Hiding out in a Lithuanian barn during WWII, two nameless Jewish teenagers meet, warily circle one another and finally fall in love in “The Pin,” Naomi Jaye’s excruciatingly slow Yiddish-language two-hander. With a framing device that lends a continual tragic cast to the proceedings, the pic employs a series of flashbacks to trace the couple’s brief courtship, though the glacial pacing makes the 85-minute running time feel like a small eternity. In her attempt to depict love as a magical time-out from death and horror, Jaye strains for the universal to artificial effect. Few non-Jewish auds will ever hear this “Pin” drop.
The couple is first introduced as an old shomer (David Fox), a man whose job it is to sit with the dead, and a female corpse whom he recognizes as his long-lost love. The man then replays his memories of their past meeting as juves-on-the-run (Milda Gecaite as the girl, Grisha Pasternak as the boy), arriving separately at the fateful barn.
Adopting a minimalist approach, scripter-helmer Jaye has pared down the film’s action, dialogue and color palette in her quest to create a timeless, private refuge amid the grim realities closing in on her beleaguered characters. Their dilapidated haven is extremely fragile: German patrols roam the forest, the occasional soldier searching the barn. The girl’s body seizes up with fear when she hears them approaching.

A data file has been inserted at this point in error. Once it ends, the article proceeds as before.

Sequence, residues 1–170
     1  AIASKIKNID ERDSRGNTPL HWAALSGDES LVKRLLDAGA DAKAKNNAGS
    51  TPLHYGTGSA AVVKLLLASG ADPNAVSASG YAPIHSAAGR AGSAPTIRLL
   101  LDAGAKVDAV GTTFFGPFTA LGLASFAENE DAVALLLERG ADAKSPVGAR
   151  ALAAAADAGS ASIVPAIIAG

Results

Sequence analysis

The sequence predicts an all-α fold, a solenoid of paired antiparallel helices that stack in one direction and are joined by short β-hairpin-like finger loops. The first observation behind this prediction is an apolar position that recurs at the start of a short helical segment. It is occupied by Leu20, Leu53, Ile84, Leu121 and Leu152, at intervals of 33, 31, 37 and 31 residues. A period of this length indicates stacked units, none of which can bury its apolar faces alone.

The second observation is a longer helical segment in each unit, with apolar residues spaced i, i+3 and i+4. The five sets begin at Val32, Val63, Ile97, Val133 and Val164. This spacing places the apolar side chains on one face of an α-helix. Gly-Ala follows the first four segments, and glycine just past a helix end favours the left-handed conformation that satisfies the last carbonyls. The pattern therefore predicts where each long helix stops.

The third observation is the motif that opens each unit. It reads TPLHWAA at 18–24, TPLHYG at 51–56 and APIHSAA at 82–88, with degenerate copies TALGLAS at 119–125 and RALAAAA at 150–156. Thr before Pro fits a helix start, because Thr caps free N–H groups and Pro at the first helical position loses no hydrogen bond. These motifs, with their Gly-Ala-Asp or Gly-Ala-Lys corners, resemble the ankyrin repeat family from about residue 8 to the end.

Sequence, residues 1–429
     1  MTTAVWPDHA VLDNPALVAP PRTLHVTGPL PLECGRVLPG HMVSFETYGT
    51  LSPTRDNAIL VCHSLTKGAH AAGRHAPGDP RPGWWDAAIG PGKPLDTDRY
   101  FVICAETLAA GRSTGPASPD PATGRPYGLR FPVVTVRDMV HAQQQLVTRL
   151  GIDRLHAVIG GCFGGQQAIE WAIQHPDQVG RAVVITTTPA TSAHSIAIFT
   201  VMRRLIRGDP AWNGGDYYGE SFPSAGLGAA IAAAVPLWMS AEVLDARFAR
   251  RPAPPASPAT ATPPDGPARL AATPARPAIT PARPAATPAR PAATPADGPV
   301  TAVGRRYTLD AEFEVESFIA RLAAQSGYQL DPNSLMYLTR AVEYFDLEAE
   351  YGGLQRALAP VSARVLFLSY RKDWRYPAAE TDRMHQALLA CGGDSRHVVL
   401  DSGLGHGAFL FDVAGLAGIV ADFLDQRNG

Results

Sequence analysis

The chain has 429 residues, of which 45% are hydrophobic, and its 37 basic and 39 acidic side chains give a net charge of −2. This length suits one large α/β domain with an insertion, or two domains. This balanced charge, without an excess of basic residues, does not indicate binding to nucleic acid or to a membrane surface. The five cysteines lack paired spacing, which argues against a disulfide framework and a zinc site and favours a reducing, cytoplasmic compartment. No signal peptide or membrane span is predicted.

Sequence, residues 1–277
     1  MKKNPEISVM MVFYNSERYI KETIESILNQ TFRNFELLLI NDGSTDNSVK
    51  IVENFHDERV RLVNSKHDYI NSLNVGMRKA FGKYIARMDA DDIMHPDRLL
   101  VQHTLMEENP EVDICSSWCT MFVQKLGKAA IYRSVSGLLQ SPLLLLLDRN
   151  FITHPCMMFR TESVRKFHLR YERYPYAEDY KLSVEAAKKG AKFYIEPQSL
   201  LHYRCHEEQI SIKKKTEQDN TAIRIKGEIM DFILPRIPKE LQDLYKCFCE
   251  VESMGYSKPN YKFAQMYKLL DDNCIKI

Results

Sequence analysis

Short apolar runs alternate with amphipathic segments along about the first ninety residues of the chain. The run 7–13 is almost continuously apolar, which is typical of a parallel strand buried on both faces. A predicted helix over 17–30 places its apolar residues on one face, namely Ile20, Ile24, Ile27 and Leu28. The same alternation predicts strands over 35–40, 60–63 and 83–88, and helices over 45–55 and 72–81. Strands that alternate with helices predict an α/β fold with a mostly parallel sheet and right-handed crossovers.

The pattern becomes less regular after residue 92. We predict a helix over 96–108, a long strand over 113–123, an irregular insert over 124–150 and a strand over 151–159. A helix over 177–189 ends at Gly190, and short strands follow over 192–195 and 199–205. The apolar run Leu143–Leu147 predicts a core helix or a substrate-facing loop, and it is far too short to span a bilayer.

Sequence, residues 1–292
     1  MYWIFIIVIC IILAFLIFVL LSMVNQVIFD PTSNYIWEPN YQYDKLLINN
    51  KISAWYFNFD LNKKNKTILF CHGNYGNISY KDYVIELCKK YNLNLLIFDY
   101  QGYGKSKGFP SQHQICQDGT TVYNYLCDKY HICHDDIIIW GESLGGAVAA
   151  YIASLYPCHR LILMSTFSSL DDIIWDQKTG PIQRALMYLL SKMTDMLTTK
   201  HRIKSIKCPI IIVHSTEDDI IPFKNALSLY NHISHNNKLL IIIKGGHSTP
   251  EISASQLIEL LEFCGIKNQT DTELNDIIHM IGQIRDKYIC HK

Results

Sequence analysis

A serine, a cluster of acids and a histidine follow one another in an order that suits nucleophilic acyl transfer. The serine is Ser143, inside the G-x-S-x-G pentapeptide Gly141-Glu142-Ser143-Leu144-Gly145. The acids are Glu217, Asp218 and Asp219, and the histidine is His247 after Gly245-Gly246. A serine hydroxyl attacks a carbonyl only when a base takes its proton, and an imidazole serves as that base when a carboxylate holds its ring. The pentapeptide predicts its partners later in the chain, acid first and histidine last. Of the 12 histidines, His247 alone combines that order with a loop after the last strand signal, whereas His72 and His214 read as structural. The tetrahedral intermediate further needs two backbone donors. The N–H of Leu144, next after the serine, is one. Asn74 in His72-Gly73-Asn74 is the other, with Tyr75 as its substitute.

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Flashbacks-within-flashbacks are psychologically well timed. The girl tersely recalls watching from the roof as her mother is led away, while the wounded boy is glimpsed crawling out of the grave that still holds the rest of his family — traumatic events that, understandably, can only be contemplated in brief snatches. Also interspersed between flashbacks are quick returns to the present-day shomer; Jaye plays with time so that, instead of the old woman’s corpse, the vibrant living body of the young girl lies on the morgue table, or stretches out beside the octogenarian on the floor.
The performances are moving, particularly from Gecaite as the skittish girl, but also compromised by Jaye’s decision to have her actors speak Yiddish, which neither she nor they understand. Far from the colorful, down-to-earth tongue of Yiddish literature and lore, the language is cast here as a primal, transparent expression of an Adam-and-Eve state of grace, to precious and somewhat incongruous effect.
Closeups intensify the young lovers’ vulnerability, fear and responsiveness, and the film is not without moments of realism; the two make love awkwardly and painfully in a scene devoid of all romance. But Jaye relies too heavily on the magical notion of innocence and the situation’s inherent pathos to push along the story, never nudging the action forward with anything resembling dramatic momentum. Even the dialogue advances by inches, as if somehow distilling fragile, delicate Eternal Truths within everyday speech.
Michael Leblanc’s twilit lensing adds to the film’s sense of timelessness, and Adam Stein’s clear-cut sound design, with its pointed absence of music, intensifies the possible sources of danger.